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#1 RobertK

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Posted 18 June 2006 - 03:22 AM

Dear Stephen

You write:

QUOTE
There's no self but that doesn't entail there's no control. In the first place lets note that if we don't control our intentions (kamma) then their resultants (vipaka) are completely amoral; this is no different from just saying there are laws of physics which are completely indifferent to human behavior."""


This is a somewhat confusing way of putting it. In the deepest sense there are no human beings. Human being, self, robert, stephen are only designations that we need to refer to different streams of changing, conditioned, mentality and materiality. You say "if we dont control our intentions then the resultants are completly amoral".

Could I ask what you mean by "we" in the above sentence? Kamma will produce its results whether "we" think the results are amoral or moral, and some actions must produce unpleasant results, while some must produce pleasant ones.

Thinking about the anattaness and uncontrollabilty of phenomena could make one more 'amoral' but that would only be because there was no correct understanding of how every moment conditions other moments. It is only direct insight into the actual phenomena that really understands anatta. This insight can only take one dhamma, one incredibly brief instant in time as an object and so it takes such a long time for insight to develop. This sort of insight must mean that sensitivity and care grow- every moment is important, is a microlifetime.

People in the Buddhas time doubted anatta too. They intuitively thought that somewhere there was a "they" that had freewill. But which part of the khandas is controllable?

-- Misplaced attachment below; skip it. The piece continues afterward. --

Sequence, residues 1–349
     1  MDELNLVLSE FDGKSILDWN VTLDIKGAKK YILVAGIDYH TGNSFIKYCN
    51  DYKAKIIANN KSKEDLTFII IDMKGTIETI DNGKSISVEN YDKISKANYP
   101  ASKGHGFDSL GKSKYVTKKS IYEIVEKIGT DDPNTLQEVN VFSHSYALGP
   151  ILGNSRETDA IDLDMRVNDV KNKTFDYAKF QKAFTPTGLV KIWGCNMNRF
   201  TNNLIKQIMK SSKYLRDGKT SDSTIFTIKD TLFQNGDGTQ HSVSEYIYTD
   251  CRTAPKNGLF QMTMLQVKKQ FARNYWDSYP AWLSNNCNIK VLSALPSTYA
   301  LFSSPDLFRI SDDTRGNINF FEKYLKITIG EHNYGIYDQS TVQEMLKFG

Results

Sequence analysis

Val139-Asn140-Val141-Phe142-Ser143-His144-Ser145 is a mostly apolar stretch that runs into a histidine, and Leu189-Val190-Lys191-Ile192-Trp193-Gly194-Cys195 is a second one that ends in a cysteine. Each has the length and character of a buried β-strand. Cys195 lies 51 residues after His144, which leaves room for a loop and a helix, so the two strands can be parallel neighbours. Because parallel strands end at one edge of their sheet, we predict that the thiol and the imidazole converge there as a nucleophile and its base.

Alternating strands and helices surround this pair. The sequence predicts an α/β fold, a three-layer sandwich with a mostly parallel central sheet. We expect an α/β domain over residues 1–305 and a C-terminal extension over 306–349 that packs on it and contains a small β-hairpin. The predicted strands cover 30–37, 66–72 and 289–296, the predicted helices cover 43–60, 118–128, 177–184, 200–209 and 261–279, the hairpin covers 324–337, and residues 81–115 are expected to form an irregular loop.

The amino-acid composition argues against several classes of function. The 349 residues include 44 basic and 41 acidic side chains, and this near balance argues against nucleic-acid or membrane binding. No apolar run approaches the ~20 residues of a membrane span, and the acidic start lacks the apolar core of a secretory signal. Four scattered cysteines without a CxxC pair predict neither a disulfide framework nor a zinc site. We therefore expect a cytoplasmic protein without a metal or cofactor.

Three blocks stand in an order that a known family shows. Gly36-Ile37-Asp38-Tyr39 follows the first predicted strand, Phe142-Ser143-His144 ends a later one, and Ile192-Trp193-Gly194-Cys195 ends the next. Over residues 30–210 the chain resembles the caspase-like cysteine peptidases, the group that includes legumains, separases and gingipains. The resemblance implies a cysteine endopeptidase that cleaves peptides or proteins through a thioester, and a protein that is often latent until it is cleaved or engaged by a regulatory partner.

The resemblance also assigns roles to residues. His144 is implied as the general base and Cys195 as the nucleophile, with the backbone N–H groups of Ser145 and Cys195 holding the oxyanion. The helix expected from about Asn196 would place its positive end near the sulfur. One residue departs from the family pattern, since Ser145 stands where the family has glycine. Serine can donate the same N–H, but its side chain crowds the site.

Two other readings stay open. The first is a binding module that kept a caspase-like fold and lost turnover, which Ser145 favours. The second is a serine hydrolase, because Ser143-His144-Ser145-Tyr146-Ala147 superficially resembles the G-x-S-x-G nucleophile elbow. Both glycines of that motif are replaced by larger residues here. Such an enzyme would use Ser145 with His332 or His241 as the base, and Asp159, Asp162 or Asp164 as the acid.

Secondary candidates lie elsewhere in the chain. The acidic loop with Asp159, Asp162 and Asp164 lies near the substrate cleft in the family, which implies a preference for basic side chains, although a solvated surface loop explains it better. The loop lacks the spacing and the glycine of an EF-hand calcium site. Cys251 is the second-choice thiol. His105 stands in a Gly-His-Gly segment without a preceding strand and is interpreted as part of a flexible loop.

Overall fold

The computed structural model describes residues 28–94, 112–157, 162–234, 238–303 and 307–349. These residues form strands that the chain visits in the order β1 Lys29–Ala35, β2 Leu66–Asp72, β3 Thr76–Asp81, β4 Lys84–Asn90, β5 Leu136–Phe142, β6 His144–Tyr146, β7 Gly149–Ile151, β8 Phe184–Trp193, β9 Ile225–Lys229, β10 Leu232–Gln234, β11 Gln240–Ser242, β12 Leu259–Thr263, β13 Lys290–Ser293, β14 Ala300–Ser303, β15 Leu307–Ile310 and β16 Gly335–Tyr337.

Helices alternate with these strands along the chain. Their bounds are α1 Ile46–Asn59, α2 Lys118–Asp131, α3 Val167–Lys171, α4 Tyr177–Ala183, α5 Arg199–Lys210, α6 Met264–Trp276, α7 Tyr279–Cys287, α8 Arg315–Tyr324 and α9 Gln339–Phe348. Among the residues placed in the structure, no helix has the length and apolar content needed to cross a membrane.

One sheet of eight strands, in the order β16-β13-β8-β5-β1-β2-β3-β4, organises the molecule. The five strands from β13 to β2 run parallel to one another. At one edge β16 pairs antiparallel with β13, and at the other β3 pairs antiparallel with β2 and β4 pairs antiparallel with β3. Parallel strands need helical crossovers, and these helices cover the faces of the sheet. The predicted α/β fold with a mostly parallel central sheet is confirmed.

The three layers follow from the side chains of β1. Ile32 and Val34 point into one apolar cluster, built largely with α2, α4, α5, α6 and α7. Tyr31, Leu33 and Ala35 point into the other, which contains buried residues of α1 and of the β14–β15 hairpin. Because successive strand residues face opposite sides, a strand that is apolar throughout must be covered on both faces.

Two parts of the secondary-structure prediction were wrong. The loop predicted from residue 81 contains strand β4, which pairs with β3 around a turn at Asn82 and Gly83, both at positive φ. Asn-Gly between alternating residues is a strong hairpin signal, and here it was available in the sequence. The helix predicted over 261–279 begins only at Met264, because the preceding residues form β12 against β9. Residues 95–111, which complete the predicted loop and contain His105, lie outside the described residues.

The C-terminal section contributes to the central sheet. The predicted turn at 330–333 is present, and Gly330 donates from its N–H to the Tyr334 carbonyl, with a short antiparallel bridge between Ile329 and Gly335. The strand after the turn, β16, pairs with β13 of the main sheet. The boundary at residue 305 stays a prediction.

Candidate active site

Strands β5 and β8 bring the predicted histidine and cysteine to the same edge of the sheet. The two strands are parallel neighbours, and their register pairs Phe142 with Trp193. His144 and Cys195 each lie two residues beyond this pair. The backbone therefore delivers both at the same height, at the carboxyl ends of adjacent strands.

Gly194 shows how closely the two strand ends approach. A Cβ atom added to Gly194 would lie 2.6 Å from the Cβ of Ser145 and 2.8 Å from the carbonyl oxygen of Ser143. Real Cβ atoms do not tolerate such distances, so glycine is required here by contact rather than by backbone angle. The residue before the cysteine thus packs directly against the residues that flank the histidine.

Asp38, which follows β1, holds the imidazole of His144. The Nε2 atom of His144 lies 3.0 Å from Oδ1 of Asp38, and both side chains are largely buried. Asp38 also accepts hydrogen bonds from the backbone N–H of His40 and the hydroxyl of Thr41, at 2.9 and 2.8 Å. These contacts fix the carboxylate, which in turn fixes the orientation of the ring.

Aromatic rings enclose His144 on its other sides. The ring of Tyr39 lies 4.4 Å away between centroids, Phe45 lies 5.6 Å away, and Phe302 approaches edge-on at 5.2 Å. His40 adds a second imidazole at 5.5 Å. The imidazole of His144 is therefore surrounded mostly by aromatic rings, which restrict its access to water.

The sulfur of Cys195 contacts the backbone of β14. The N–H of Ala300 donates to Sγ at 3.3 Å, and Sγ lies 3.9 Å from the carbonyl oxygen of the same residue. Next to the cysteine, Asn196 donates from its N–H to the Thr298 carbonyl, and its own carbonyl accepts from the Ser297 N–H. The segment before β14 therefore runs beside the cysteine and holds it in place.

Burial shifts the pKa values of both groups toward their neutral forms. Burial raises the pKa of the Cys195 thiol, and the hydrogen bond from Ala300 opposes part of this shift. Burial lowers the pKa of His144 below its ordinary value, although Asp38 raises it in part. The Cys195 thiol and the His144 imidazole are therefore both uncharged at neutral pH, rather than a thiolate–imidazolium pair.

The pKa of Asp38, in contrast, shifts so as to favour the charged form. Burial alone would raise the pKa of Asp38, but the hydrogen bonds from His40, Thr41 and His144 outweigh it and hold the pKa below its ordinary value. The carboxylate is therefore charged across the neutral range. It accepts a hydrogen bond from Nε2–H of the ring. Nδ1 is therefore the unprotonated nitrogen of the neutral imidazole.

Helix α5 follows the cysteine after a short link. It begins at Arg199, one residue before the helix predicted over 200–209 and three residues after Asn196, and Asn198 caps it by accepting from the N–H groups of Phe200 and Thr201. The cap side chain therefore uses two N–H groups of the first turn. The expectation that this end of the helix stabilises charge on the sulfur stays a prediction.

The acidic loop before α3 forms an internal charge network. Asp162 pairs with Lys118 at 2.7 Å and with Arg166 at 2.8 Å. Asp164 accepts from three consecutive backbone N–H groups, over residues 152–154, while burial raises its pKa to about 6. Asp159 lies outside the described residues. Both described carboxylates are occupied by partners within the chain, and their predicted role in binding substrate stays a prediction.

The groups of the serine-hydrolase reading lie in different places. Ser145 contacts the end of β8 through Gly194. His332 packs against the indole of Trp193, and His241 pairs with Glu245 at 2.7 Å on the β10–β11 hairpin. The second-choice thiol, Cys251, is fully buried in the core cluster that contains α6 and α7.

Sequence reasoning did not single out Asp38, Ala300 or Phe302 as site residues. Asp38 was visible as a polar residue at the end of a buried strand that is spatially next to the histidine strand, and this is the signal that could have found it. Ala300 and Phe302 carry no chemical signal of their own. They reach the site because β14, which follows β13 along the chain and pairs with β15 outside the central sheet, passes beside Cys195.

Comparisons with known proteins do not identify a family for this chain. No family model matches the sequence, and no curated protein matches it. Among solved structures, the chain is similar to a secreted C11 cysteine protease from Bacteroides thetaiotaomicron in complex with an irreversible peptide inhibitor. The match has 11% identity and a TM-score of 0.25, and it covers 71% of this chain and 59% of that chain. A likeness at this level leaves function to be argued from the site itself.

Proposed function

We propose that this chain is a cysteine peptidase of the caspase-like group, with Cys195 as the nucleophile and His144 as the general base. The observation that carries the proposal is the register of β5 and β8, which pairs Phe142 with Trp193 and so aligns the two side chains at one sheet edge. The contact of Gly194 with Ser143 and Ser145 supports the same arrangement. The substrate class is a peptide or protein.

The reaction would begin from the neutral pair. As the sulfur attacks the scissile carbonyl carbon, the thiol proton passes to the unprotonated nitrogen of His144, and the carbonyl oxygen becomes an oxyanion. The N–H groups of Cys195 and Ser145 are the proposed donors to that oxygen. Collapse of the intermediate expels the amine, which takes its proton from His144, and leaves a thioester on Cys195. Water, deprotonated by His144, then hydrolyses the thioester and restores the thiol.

QUOTE
Majjhima Nikaaya I. 4. 5 Cuulasaccakasutta.m- (35 ) The Shorter Discourse to Saccaka.
.Saccaka the son of Nigan.tha then said thus to the Blessed One. We would ask a certain question from good Gotama. If good Gotama would give us leave and would explain it to us. The Blessed One said, ask Aggivessana what you desire.How does good Gotama advise the disciples and in what sections are they given much training? Aggivessana, I advise and train my disciple much in this manner.... ", ...All things are not self. " ....

[Aggivessana disagreed]

..Aggivessana, you that say, matter is your self, do you wield power over that matter, as may my matter be thus, and not otherwise? .No, good Gotama. Attend carefully and reply Aggivessana. What you said earlier does not agree with what you say now. Aggivessana, you that say, feelings are your self, do you wield power over those feelings, as may my feelings be thus, and not otherwise? No, good Gotama. .Attend carefully and reply Aggivessana. What you said earlier does not agree with what you say now. Aggivessana, you that say, perceptions are your self, do you wield power over those perceptions, as may my perceptions be thus and not otherwise? No, good Gotama. Attend carefully and reply Aggivessana. What you said earlier, does not agree with what you say now.. Aggivessana, you, that say, determinations are your self, do you wield power over those determinations, as may my determinations be thus and not otherwise. No, good Gotama. Attend carefully and reply Aggivessana. What you said earlier does not agree with what you say now. Aggivessana, you, that say, consciousness is your self, do you wield power over that consciousness, as may my consciousness be thus and not otherwise? No, good Gotama. Attend carefully and reply Aggivessana. What you said earlier does not agree with what you say now. ..